Real-World Outcome of HCC Patients by mALBI Grades

The median rwOS was not reached for patients classified as mALBI grade 1 and 2a during the follow-up period, whereas patients with mALBI grade 2b and 3 exhibited median rwOS of 41.36 months (95% confidence interval [CI]: 37.75–52.96) and 18.53 months (95% CI: 15.21–25.69), respectively. Significant differences in rwOS were observed across all mALBI grades (p < 0.001, Fig. 4), with a significant difference in post hoc pairwise comparisons among all grade combinations, including mALBI 2a versus 2b, using Bonferroni corrections (p < 0.001). This indicates a clear segregation and difference in survival outlook between mALBI grade 2a and 2b, which is grouped together as grade 2 in the original ALBI grade system. When categorized by CP class, median rwOS also varied significantly (p < 0.001), not reached for class A, 23.46 months for class B (95% CI: 18.96, 28.29), and 7.33 months for class C (95% CI: 5.09, 12.75).

Fig. 4.

rwOS of HCC patients by mALBI grade (a) and by CP class (b). mALBI, modified albumin-bilirubin.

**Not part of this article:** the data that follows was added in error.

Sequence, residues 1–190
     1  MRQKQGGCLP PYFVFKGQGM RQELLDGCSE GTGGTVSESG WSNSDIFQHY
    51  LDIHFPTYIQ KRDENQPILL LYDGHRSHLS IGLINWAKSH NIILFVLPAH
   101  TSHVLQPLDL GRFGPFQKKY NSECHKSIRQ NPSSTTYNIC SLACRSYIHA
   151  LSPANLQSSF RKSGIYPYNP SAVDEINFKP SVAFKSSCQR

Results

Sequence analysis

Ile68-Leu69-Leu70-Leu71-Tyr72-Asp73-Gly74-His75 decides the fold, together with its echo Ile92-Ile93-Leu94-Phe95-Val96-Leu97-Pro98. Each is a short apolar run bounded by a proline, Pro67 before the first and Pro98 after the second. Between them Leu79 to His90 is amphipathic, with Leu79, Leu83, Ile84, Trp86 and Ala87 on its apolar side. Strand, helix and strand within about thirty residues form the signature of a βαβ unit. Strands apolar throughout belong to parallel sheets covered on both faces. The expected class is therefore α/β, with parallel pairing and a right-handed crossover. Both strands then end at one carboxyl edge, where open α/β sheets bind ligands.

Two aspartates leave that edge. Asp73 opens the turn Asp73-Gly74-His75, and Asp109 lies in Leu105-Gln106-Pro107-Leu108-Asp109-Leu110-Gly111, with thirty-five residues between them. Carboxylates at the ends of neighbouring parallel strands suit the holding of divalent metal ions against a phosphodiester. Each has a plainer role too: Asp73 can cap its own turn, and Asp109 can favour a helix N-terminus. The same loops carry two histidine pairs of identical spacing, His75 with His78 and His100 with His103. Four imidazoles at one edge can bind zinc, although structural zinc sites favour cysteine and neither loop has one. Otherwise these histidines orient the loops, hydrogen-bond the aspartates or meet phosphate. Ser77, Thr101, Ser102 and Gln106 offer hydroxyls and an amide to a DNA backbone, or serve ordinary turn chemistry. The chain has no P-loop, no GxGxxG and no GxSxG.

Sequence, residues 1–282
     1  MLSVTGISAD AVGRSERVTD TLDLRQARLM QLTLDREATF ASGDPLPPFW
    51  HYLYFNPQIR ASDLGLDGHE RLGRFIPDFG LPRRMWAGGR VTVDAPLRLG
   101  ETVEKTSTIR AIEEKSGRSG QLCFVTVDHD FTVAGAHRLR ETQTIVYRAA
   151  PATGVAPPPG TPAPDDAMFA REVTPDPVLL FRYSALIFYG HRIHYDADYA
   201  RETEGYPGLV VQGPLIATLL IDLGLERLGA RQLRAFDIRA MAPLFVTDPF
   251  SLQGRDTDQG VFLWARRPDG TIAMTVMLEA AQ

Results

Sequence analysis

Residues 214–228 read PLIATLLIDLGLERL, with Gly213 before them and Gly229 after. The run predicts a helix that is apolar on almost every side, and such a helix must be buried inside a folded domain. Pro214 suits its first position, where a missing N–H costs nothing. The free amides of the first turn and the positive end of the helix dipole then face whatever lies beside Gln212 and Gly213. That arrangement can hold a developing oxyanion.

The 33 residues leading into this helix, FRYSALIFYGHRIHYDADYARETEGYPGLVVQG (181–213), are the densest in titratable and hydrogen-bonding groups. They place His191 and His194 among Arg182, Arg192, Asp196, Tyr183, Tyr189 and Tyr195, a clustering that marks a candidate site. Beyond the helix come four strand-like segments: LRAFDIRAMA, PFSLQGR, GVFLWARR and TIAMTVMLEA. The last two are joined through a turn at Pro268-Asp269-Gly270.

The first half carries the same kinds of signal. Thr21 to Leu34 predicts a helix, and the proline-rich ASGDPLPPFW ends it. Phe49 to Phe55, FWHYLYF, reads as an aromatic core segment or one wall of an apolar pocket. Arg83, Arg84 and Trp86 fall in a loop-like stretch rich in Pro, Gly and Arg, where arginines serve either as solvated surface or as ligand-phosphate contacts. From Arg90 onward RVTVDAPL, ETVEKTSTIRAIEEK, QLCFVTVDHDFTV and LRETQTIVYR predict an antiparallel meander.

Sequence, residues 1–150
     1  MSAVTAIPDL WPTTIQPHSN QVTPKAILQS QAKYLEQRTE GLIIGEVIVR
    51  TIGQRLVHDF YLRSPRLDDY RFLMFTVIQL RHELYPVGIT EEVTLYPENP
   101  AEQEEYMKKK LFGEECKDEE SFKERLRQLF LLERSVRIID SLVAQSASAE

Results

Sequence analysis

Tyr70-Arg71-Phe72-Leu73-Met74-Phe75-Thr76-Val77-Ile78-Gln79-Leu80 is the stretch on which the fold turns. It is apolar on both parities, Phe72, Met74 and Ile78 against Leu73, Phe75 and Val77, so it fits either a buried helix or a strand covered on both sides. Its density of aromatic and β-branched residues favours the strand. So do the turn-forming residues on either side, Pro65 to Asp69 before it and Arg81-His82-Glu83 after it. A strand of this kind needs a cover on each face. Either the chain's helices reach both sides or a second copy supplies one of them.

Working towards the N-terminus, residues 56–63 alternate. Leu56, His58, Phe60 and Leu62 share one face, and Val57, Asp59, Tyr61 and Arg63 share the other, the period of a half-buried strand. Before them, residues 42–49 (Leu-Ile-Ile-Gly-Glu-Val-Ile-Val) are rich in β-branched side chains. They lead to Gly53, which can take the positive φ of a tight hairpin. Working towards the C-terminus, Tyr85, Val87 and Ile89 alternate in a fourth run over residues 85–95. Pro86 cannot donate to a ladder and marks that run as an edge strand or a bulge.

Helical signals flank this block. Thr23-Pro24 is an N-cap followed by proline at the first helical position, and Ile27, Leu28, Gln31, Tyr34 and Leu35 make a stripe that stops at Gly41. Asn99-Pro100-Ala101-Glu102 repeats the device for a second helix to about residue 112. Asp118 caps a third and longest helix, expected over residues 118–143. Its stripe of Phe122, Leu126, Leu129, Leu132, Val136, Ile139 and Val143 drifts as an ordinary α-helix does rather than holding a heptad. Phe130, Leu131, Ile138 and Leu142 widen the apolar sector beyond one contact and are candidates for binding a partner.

Fig. 4.

rwOS of HCC patients by mALBI grade (a) and by CP class (b). mALBI, modified albumin-bilirubin.

Close modal

Cumulative rwOS curves indicated no significant differences across mALBI grades for patients undergoing surgical treatments such as hepatectomy or liver transplantation. However, significant disparities were observed in non-surgical interventions, with cumulative rwOS varying by mALBI grade across all treatment groups (p < 0.001), as shown in Figure 5. Multiple comparisons using the Benjamini-Hochberg method confirmed significant differences between each grade, except for mALBI grade 2b versus 3 in the EBRT and SACT category (Table 3).

Fig. 5.

rwOS of HCC patients by mALBI grade according to initial treatments modality. Surgical interventions include hepatectomy (a) and LT (b); and non-surgical interventions include local ablation therapy (c), transarterial therapy (d), EBRT (e), and SACT (f).

Fig. 5.